Accra, Sept. 30, GNA - The Ghana Union of Trader’s Association (GUTA), has called on its members and other collaborators to ignore any future announcement or circular by the Ghana Standards Authority (GSA), regarding the implementation of the Ghana Conformity Assessment Programme (G-CAP).
They argued that until better consensus is built among all parties involved and properly communicated in a joint communique, the Association would resist any attempt by the GSA to impose a legislation which could have negative repercussions on consumers.
Mr George Kwaku Ofori, President of the Ghana Union of Traders’ Association at a press conference in Accra on Tuesday, to state GUTA’s position on the G-CAP implementation, said they deemed the defiance and demeanour of the GSA to hastily implement the programme after the Trade Minister advised it be suspended, as unacceptable and rude.
According to him, regardless of the announcement to defer implementation date of the programme from October 1, 2014, to allow for more consultation, education, and explanation of certain pertinent issues, the GSA had gone ahead to propose November this year for its implementation.
He said the Authority had failed to consult extensively with stakeholders, provide deeper education and clarification of certain pertinent issues and expressed disappointed at the approach and the hasty manner with which the GSA was pushing for the implementation of the programme.
According to him, the Association noticed that the launch of the programme was immediately followed with an aggressive publicity, but after a thorough study of the programme, including cost benefit analysis, it had some serious concerns about the manner of implementation, which it petitioned the Minister of Trade and Industry and copied Parliamentary Select Committee among others.
Although the Association lauds the idea of safeguarding standards, quality and conformity to prevent the dumping of inferior goods into the country, it had identified lack of transparency, clarity and fairness and possible duplication of functions in the proposed G-CAP.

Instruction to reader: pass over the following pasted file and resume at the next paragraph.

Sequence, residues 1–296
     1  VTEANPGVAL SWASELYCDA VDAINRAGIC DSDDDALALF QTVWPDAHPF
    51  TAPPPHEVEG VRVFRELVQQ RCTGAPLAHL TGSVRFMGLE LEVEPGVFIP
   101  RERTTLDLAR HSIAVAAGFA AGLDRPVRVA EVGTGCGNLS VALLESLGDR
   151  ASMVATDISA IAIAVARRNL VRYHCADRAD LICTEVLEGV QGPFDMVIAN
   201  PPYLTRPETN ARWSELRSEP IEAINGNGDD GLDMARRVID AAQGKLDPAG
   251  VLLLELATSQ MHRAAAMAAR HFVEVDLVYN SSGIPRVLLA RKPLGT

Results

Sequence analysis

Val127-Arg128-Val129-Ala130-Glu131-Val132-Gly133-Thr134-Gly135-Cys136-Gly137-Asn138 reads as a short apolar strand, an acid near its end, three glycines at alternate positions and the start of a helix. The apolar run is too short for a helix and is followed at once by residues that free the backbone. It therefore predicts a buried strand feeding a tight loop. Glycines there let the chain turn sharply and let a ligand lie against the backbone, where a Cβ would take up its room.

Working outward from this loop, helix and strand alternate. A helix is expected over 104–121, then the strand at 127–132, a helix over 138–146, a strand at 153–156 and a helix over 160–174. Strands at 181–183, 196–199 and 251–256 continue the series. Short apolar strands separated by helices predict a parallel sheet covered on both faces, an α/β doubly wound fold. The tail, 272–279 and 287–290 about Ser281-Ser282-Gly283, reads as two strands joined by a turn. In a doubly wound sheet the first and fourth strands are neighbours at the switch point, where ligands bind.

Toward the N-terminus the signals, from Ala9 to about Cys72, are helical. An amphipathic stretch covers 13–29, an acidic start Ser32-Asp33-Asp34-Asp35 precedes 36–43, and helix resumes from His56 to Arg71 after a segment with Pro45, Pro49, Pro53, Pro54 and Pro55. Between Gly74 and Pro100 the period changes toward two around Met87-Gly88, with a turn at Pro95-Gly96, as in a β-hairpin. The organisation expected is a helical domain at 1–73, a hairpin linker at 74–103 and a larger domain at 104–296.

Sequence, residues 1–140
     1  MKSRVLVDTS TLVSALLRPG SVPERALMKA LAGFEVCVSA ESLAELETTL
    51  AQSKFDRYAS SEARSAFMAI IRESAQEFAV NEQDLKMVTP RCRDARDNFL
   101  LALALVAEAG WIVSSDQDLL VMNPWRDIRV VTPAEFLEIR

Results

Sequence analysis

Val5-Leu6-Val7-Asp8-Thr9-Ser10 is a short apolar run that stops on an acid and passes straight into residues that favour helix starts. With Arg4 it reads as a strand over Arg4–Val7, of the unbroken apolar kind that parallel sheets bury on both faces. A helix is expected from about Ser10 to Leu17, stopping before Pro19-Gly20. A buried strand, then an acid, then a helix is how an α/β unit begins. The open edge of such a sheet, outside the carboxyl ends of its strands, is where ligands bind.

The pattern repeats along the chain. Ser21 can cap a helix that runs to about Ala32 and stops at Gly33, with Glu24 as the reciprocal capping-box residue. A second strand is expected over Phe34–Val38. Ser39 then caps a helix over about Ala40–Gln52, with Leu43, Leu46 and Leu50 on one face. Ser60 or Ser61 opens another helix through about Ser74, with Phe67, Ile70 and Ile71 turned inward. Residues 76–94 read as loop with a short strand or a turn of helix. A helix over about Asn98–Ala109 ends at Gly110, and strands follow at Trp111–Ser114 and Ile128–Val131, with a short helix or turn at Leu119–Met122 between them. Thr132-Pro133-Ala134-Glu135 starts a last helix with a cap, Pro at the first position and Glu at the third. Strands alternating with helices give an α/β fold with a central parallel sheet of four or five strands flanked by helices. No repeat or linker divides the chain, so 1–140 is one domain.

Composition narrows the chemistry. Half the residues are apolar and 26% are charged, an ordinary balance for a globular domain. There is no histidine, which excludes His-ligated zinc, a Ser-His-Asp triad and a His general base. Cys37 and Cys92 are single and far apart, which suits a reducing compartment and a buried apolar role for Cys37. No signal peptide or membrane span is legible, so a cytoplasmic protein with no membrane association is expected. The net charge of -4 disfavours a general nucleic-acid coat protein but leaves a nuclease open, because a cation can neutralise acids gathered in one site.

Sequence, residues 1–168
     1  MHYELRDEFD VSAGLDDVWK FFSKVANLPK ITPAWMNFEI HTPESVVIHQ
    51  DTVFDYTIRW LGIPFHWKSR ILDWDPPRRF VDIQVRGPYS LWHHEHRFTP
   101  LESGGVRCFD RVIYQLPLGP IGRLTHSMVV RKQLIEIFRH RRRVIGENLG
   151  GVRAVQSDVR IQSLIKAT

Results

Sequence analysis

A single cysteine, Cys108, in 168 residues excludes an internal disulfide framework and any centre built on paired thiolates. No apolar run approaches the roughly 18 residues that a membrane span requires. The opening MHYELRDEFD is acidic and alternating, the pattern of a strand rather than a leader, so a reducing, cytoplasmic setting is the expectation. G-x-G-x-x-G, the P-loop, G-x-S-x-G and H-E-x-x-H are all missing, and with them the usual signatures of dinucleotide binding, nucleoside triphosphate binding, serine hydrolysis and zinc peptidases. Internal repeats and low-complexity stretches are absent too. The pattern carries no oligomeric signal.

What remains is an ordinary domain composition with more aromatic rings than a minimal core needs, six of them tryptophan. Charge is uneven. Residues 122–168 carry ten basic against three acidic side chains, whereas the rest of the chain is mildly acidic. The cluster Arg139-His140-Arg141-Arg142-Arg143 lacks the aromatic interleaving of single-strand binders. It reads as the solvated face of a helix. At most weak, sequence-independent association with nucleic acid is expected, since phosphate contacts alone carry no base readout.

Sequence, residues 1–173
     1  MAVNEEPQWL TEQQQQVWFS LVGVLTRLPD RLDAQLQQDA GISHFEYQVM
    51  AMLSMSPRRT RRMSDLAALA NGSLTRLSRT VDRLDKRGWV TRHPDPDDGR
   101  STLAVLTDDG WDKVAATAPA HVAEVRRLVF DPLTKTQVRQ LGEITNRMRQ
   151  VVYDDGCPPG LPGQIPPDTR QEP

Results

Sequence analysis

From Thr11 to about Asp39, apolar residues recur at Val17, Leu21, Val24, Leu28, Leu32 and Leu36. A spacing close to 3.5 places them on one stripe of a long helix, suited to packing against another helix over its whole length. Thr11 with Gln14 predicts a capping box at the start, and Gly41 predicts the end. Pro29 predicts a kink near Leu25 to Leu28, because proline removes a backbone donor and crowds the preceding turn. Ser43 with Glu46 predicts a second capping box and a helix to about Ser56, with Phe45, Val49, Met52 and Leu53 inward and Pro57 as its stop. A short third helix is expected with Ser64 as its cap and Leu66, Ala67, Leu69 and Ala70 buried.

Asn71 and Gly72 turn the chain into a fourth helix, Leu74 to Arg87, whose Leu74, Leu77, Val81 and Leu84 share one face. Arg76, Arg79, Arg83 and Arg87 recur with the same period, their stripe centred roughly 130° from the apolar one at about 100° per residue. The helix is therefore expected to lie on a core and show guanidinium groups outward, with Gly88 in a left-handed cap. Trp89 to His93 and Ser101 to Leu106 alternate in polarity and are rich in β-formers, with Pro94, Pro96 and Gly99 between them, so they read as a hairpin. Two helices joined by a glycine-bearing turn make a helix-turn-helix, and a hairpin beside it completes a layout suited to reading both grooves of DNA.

Mr Ofori said the Association requests that the New Pre-shipment Inspection Agencies as against the existing Destination Inspection Companies must be clearly defined to avoid duplications or increases in cost of doing business and unnecessary prolonging of import transaction in the country.
He also explained that the G-CAP as it was now, could lead to the collapse of many businesses, especially Small and Medium Enterprises, whose capital were not much, to be able to pay all the huge import taxes being imposed on them and also pay for services they had contracted.
“As a nation, if we want to revert to the pre-shipment era, them, we should opt out of the current Destination Inspection regime, to save the business community, especially traders from unnecessary bureaucratic processes and procedures, as well as increase cost of doing business”, he said.
He said if the purpose of the G-CAP was to ensure quality and conformity and once the GSA would continue with its monitoring and testing then the only thing to do was to demand certificates of conformance with an internationally accredited standard agency from the manufacturing companies themselves, which could be verified by Authority in case of doubt.
“Here, we would have achieved the same or better objective without necessarily appointing any third party agent, which will definitely impede business and compound the already high cost of doing business in the country.